Another explanation for apparent epistasis

Andrew R. Wood, Marcus A. Tuke, Mike A. Nalls, Dena G. Hernandez, Stefania Bandinelli, Andrew B. Singleton, David Melzer, Luigi Ferrucci, Timothy M. Frayling, Michael N. Weedon

Research output: Contribution to journalArticlepeer-review

Abstract

Epistasis occurs when the effect of a genetic variant on a trait is dependent on genotypes of other variants elsewhere in the genome. Hemani et al. recently reported the detection and replication of many instances of epistasis between pairs of variants influencing gene expression levels in humans. Using whole-genome sequencing data from 450 individuals we strongly replicated many of the reported interactions but, in each case, a single third variant captured by our sequencing data could explain all of the apparent epistasis. Our results provide an alternative explanation for the apparent epistasis observed for gene expression in humans. There is a Reply to this Brief Communication Arising by Hemani, G. et al. Nature 514, http://dx.doi.org/10.1038/nature13692 (2014).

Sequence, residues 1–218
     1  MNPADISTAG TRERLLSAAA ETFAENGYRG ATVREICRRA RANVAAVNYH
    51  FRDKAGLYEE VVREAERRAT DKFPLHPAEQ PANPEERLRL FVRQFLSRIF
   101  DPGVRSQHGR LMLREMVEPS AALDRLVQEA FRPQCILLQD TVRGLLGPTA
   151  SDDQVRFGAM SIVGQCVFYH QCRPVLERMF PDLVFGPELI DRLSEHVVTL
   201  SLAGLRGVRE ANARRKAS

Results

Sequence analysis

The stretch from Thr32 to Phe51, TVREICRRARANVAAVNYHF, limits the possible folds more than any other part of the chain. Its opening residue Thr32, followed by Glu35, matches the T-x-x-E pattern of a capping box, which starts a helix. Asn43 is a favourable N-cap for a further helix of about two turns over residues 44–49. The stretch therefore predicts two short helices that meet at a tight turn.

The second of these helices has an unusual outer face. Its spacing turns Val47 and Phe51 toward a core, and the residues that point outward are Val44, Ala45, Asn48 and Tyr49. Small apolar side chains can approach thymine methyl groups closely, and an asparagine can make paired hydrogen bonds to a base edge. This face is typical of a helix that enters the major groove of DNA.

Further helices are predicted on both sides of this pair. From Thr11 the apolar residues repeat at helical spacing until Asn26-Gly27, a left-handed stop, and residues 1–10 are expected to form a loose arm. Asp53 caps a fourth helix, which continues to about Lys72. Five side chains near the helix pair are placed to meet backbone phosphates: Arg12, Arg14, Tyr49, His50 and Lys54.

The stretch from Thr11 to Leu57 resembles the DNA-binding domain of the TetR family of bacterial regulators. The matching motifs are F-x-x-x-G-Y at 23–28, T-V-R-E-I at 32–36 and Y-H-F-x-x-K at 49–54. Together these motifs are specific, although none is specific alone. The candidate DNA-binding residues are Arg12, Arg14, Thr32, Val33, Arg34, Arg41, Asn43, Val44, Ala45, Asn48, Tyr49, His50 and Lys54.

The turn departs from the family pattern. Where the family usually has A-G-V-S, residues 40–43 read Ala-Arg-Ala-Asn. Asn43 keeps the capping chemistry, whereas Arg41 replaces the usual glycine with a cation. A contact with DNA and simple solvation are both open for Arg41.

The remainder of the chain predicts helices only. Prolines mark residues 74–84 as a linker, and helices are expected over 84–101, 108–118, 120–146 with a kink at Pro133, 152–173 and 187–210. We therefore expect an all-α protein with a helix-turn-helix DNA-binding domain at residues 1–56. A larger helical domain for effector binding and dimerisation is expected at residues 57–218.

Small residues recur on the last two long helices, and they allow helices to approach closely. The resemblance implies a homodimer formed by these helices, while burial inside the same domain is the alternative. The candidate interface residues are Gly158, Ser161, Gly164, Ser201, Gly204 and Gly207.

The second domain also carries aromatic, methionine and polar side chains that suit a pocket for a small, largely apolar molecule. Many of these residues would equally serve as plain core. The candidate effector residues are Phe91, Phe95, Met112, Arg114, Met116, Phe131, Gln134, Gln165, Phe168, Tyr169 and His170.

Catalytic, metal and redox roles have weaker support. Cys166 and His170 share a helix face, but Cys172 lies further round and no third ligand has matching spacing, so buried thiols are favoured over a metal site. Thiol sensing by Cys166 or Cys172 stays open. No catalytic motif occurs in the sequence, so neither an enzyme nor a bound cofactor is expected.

Original languageEnglish (US)
Pages (from-to)E3-E5
JournalNature
Volume514
Issue number7520
DOIs
StatePublished - Oct 1 2014
Externally publishedYes

ASJC Scopus subject areas

  • General

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